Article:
Reflections on 2/14

The Mission Highlight serves to remind us that the church is called to look outward at the world, what God is doing in it, and our part in his work. When things like Valentine’s Day and the awful killing of seventeen teenagers and teachers at a High School in Florida all happen on the same day as the beginning of Lent, what is our response as followers of Christ?

Ash Wednesday marks the forty-day period leading up to Easter, a time for us to prepare our hearts as we look forward to commemorating the conquering of the last enemy, death, by the firstfruits of those who have fallen asleep, Jesus – the man by whom has come the resurrection of the dead. His self-giving love has brought us life, and those who belong to Christ shall be made alive when he comes again (1 Cor. 15).

 But first come “ashes” on a day that is about humility. We must embrace a grim truth about our limits. We were separated from God with no way of coming near him, let alone into his presence. We were made from dust (Ecc. 3:20), we are mortal and everything we have on this earth will end, whether after living a good long life or way too early. Each of us lives subject to the same constraints of death, weakness, sin, shame, and pain. Ash Wednesday serves as an opportunity to look at this fact – of dust – square in the face, and take time to remember that all those who exalt themselves will be humbled, and those who humble themselves will be exalted (Lk. 18: 9-14).

 Humility before God, who breathed his life into the dust he shaped helps us prepare the way of the Lord inside our hearts, to make a straight and open way within our lives for the rule of Jesus Christ. Humility helps us to remember that if we have been brought into the family of God as his adopted sons and daughters, it is not because we somehow made it there on  our own. It is because he stooped down to be near us. And we now have a purpose as the workmanship of God, created anew in Christ. God has good works for us to walk in (Eph. 2:4-10).

 On the second point, Valentine’s Day that just passed is the first time in forty-five years that Ash Wednesday fell on Valentine’s. In our time, most people celebrate romantic love (eros). But there’s also family love (storge), brotherly love (philia), and God’s divine love (Agape). Philosophers and psychologists have other categories besides these – flirty short-term love (ludus), practical long-term love (pragma), and self-love (philantia).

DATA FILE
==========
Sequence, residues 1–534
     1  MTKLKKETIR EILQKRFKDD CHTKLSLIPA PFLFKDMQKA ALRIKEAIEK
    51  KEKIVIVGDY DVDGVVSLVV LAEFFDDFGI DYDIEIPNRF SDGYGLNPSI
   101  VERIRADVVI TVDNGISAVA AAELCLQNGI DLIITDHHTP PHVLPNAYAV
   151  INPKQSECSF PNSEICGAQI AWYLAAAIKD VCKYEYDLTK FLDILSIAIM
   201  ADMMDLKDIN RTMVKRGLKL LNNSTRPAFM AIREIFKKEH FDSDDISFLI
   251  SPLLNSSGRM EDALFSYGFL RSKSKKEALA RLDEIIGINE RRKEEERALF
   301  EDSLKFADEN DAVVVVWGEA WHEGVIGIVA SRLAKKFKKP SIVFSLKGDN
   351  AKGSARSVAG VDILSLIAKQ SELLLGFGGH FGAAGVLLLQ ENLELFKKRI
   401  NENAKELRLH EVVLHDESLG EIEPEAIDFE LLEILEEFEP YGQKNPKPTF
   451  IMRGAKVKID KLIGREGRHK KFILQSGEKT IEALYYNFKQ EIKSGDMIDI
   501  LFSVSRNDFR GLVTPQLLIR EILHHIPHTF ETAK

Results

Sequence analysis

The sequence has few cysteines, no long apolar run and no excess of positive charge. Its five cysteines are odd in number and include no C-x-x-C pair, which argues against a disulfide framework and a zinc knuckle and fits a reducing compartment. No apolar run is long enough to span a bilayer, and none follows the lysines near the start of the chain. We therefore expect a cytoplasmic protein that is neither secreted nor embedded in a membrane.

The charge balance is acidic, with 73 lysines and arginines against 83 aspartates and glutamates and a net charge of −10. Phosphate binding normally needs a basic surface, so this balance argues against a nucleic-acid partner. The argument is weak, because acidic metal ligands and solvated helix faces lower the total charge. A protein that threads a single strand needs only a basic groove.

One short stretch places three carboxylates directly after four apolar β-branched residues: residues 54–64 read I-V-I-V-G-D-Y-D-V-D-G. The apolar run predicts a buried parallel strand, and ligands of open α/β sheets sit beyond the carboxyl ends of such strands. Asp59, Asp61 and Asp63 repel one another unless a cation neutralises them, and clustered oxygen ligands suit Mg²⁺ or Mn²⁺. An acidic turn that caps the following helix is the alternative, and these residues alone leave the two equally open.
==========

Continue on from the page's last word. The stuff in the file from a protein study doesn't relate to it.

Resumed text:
From Jesus’ own words and actions, from his life on earth, we know that there is no greater love than agape, than when love is personally costly, self-giving and self-sacrificing.  Not based on merit of the person who is loved, but rather unconditional, and based on them as an image-bearer of God. A love that is kind and generous – even to extravagance: greater love has no one than this, that someone lay down his life for his friends (Jn. 15:13). True love willingly dies to itself in order to give life to others.

We may not all be called to go to a self-sacrificial death for someone else, but we are called to go out of our way to love, especially when the going gets hard, in our relationships, friendships, and marriages; especially when people are hurting badly and their need is greater than ours; and even when we are equally in need as the people we help (like the caregivers of the children in Malawi). And when we go out of our way to serve and love someone like this, Jesus says, “as much as you did it to one of the least of these my brothers, you did it to me.” (Mt. 25: 40).  In the spirit of this love, all of us are invited to come alongside the children served by Hands at Work in Africa and the team that Toby will be leading to Malawi; to come alongside them in prayer over these forty days of Lent.

The third event was the shooting at Marjory Stoneman Douglas High School in Parkland, Florida. At times of tragedy, heartbreak, and outrage, whether the disaster is ‘natural’ or man-made, people will ask, “where was God…?”, “how could God…?”, and “why didn’t God…?” They demand more from people of faith. Can Christians offer at least a word of guidance and hope in the face of senseless violence, loss of life, and devastation? Would we respond out of fear, and let violence, hatred, and cruelty win? Or would we continue to bring Christ’s message of resurrection hope, light, and love to the dark places that surround us? We do not have to go far to find someone who is the survivor of a terrible blow, who needs to know that there is a God who “heals the broken-hearted and binds up their wounds”, that he is “making all things new”, and he is doing this by uniting “all things in heaven and things on earth” in Christ (Eph. 1:10).  

This is the power and work of Jesus Christ, who God raised up from the dead and seated at his right hand in the heavenly places (Eph. 1:20). We, too, have been raised up and seated with him in the heavenly places (Eph. 2:6). Could our response to tragedy and disaster, whether in going to those struck by it; OR whether in going to someone else who has been struck by some OTHER tragedy or personal disaster – could it be one of the good works for which we have been made new creations in Christ? Whether or not we are not in a position to remind them directly of the grace and kindness of God, can we remind ourselves and speak to God of their pain and need – in watchful prayer? All who are bereaved and devastated by such loss and who are hurting need to know “where is God”.

As we begin by praying, we act not out of our own power or only for our own strength, but for God’s power to move. We can pray humbly for those who are in the dust and ashes of tragedy and brokenness as though their loss, bewilderment, and pain are our own, as we remember that we, too, have the same humble origins in dust. And because of the Easter event, the hope that we have, and that we can point those we mourn with toward, is glory.